The galloping and neighing of horses make the environment vibrant, filling you up with new energy. Riding on your horse especially when he is quite healthy just brings you a great pride. However, out of blue, if you suddenly find that your horse is vomiting or has lost weight then it’s a wakeup call for you to find out what’s wrong with your gladiator. These are the signs that your horse show of being infected with worms. It has the most damaging effect and can be fatal at times. Worms impact the proper growth and development of your horse. Especially in racing horses, the performance usually gets impacted badly and this definitely means that a concrete shield is required to help guard them against the most treacherous worms.
The most common chronic disease that horses get infected with is redworms. It is a common name given to a group of worms namely small strongyles or cyathostomes.
These worms similar to bloodworms, though not as much deadly as bloodworms, can create intense health conditions in horses. Heavy infestations can lead to severe ill-health and if a worm control program is ignored or not acted on, the overall effect may be much devastating and at times can be fatal.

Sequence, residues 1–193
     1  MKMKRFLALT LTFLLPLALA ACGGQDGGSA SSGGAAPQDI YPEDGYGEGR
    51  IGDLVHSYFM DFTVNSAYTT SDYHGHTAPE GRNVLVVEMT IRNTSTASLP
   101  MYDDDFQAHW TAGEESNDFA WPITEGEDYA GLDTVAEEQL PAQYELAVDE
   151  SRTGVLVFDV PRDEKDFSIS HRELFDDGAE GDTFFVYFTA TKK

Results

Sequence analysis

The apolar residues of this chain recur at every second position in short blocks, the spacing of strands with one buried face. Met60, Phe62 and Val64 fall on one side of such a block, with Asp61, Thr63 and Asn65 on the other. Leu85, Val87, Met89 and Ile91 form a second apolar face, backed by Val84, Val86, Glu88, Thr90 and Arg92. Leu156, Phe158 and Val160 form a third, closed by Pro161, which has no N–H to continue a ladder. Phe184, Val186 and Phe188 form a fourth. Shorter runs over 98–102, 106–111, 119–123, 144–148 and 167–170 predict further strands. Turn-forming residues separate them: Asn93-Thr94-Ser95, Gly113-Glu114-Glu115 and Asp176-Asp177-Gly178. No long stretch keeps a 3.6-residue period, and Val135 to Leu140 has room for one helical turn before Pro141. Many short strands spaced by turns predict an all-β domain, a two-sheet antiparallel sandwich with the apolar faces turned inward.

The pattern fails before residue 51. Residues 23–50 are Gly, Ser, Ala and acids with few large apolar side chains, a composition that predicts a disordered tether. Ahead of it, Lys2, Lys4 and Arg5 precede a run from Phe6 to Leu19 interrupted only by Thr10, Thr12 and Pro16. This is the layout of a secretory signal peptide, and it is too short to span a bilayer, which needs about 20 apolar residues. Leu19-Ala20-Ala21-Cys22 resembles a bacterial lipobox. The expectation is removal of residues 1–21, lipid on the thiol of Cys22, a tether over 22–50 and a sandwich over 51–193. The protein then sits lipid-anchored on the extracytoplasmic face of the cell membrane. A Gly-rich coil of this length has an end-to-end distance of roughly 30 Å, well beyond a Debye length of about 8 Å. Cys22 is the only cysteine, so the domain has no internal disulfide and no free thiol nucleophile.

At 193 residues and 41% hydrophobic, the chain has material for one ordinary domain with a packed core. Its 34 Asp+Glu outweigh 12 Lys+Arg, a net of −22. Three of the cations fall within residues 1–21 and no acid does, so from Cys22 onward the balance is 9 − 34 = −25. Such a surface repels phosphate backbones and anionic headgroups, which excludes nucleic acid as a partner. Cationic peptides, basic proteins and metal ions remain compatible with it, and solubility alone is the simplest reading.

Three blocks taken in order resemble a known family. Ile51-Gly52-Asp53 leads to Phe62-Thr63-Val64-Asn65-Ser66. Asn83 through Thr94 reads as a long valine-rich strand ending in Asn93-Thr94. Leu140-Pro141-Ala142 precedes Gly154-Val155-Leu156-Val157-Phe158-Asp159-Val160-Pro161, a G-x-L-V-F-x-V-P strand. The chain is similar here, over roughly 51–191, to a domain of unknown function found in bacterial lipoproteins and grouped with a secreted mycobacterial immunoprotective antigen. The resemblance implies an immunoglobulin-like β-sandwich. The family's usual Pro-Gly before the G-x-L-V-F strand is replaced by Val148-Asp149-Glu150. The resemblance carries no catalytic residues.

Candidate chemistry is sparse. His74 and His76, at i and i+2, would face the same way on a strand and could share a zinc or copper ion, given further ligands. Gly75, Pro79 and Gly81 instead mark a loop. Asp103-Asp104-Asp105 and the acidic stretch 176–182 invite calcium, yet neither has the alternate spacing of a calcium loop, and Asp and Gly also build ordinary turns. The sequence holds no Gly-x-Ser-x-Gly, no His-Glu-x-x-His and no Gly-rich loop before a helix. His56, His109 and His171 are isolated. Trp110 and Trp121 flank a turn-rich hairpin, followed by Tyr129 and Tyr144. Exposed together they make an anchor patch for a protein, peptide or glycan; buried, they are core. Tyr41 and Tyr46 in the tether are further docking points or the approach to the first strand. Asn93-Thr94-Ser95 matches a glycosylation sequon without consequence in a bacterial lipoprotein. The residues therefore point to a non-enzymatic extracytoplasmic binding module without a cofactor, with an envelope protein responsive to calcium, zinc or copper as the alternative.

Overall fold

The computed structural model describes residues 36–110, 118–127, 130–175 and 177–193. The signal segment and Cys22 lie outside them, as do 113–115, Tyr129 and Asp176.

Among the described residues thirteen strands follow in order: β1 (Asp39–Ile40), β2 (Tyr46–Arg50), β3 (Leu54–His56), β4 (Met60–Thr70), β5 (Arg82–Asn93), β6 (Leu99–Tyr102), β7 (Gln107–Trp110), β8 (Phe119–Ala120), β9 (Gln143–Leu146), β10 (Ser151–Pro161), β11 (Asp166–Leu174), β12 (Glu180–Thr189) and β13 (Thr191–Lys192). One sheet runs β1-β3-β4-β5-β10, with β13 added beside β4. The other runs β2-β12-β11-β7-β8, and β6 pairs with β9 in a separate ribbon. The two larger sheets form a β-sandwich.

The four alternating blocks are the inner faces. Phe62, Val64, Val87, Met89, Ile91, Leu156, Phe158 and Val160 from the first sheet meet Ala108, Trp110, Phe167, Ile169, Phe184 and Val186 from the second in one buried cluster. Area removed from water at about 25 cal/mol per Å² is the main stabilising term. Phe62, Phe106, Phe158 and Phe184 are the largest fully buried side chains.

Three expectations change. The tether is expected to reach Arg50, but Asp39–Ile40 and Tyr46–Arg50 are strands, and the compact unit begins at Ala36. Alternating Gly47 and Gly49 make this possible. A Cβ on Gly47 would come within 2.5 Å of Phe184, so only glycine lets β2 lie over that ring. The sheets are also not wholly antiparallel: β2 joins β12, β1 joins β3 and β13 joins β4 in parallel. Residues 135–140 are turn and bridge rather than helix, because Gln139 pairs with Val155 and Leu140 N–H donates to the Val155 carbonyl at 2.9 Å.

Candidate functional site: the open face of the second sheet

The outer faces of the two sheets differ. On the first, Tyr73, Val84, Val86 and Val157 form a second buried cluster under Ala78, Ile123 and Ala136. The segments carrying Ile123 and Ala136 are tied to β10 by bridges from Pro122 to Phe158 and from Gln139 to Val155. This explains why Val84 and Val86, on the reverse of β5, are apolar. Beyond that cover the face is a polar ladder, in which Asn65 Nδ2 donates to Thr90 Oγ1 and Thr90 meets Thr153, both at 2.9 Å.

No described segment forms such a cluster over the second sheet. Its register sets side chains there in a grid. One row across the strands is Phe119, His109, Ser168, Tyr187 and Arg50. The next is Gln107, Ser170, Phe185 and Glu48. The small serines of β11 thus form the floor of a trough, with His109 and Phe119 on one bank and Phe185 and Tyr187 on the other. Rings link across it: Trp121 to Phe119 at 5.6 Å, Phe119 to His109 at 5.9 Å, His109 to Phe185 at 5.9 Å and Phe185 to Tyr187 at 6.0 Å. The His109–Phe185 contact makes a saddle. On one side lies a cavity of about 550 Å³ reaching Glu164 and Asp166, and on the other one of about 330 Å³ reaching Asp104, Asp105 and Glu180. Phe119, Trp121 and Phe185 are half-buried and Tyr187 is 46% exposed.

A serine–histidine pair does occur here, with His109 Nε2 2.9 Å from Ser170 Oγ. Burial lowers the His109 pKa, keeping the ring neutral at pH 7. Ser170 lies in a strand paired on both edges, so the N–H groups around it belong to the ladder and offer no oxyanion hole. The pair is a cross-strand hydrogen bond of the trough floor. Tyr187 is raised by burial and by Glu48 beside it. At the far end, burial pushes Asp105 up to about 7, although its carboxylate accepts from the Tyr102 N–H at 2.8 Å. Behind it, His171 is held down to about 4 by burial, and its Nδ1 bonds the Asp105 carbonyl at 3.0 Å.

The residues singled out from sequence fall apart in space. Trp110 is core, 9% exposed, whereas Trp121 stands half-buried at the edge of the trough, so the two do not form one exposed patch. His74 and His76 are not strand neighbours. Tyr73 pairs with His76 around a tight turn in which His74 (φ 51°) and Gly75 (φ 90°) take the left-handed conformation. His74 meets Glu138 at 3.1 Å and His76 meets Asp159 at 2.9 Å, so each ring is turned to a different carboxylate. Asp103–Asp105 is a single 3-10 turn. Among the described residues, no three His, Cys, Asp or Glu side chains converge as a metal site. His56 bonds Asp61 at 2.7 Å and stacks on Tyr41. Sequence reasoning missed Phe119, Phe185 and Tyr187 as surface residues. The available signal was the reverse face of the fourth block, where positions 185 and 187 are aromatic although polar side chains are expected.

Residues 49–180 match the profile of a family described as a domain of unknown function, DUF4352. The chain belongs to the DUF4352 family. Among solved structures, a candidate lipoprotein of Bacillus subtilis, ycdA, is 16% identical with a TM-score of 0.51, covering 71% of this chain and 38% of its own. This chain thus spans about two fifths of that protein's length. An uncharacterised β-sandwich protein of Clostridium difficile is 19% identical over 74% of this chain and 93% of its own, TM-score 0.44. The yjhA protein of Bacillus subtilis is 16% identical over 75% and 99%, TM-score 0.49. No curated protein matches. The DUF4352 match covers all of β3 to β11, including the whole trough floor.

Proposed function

Major Symptoms of Redworms in horses
- Loss of condition
- Severe weight loss
- Distended stomach
- Staring or dull coat
- Fluid swellings in the legs, around the sheath or on the stomach
- Reducing the horse’s ability to absorb nutrients
Your horse may become chronic ‘bad doer’, and in some cases, the infestation may be fatal.
The elimination of redworms in horses is quite simple and common redworms are highly effective in treating these worms.
However, immature forms of the larvae are too hard to treat and at times go untreated. Therefore, for effective control of redworm infestation, it is crucial to treat your horse on a regular basis. Treatment with Panacur equine guard can aid in the protection against recurring redworm infestation when used regularly. Normally, vets recommend treating your horse during spring and fall, which is the peak season of contracting redworms. Proper care, scheduled redworm treatment, and cleanliness in the surroundings will aid in preventing chronic redworm infection in horses.
Redworm Control Management
There are a few things to consider for the full proof worm control management program.
- Always have a look where you allow your horse to graze. If the paster is loaded with other outside horses or farm animals, consider feeding your own grass.
- Regular deworming is the best prevention that you can follow for your horse. Some types of redworms, within six weeks after emergence into the intestines, may begin laying eggs. Therefore, a six weekly worming interval will be practically effective.
The most concrete step that you can follow is to treat mares and foals on a monthly basis with horse wormers (redwormers) and schedule a six weekly treatment for all other horses with an oral wormer.